Banlieues Now Seen as Bastions of Innovation

After years of neglect, periodic riots, and unfulfilled promises from the state, Paris's low-income suburbs are finally doing for themselves what had long been promised to them - creating opportunities for economic development and social integration.
May 15, 2013, 6am PDT | Jonathan Nettler | @nettsj
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"For decades, the disadvantaged suburbs that ring Paris and other large French cities have been places of privation, plagued by discrimination and poverty," says Liz Alderman. "France has long vowed to improve the plight of the banlieue populations, often Muslim and primarily people with Arab or sub-Saharan African family roots in the French colonial past. Despite pledges by Nicolas Sarkozy when he was president to address economic and social inequality after a series of violent riots in 2005 and 2007, though, critics say little has changed."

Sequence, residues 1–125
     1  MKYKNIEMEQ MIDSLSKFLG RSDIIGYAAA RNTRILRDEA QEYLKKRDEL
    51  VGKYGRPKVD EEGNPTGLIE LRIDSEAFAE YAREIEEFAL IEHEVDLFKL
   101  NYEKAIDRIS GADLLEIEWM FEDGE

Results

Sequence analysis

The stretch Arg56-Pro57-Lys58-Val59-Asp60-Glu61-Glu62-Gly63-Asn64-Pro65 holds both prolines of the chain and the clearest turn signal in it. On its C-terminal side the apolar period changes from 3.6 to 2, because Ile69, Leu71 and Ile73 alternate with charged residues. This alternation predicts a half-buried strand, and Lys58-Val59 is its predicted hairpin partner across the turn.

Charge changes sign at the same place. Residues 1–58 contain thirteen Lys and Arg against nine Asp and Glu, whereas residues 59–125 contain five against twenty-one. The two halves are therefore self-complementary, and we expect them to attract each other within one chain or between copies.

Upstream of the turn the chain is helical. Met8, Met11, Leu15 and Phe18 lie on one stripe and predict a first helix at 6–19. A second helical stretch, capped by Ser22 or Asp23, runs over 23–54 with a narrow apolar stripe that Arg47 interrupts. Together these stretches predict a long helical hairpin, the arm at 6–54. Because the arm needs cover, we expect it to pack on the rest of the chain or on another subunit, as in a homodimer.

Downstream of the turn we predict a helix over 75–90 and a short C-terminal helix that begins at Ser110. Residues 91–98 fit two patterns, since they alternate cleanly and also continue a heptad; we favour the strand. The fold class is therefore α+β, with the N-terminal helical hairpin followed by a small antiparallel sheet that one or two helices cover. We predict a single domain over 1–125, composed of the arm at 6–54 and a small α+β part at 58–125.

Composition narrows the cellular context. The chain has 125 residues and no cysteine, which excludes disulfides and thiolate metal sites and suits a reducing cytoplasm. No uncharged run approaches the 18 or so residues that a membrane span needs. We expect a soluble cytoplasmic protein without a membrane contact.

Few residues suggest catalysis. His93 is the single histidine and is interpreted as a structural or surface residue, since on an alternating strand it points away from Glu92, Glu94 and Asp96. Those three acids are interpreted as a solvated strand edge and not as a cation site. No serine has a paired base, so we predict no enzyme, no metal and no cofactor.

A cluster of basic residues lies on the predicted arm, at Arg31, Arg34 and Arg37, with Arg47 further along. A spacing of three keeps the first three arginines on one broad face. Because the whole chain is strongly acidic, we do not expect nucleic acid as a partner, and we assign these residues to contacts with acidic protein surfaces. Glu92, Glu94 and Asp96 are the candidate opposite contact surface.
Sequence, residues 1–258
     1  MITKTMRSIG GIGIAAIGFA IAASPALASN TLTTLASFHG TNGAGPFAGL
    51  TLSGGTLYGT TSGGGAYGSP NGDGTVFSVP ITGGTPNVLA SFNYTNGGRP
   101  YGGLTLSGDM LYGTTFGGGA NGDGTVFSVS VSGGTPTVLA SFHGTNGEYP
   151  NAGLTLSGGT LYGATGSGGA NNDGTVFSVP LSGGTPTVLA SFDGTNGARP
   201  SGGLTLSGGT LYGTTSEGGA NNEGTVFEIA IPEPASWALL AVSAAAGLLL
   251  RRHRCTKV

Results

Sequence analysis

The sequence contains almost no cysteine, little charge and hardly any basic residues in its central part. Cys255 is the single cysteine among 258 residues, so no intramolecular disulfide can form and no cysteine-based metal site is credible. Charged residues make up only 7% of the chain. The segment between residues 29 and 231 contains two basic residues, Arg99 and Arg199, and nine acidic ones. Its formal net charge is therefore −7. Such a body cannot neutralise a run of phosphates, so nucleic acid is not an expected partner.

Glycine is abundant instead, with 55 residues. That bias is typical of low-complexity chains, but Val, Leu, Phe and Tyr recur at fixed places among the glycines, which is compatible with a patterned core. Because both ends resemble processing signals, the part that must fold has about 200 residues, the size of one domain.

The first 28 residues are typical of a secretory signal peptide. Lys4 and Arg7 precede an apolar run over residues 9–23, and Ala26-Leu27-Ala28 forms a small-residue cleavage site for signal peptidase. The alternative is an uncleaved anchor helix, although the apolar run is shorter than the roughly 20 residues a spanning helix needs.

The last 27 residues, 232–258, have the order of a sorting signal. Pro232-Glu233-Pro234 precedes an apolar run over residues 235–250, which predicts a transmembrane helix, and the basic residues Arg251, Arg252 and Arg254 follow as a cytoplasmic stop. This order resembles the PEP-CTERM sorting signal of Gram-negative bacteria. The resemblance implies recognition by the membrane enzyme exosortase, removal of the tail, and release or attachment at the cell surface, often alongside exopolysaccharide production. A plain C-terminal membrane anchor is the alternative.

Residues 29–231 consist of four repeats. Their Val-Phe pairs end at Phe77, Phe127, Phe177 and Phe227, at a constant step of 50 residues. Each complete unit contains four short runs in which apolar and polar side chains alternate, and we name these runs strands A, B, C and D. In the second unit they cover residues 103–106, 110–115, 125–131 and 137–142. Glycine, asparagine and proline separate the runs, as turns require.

"That is why a new generation of people like [restaurant owner Mourad Benamer] are trying to turn the suburbs into incubators for entrepreneurs, who see using their own initiative as the only way up and out of the banlieues, which are home to an estimated 10 percent of France’s 63.7 million people."

"Through persistent lobbying, banlieue entrepreneurs have been founding 'angel' investment funds, persuading big French companies like AXA Insurance and BNP Paribas to contribute seed money that fuel start-ups ranging from trash removal to taxi fleets." explains Alderman.

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Published on Tuesday, May 14, 2013 in The New York Times
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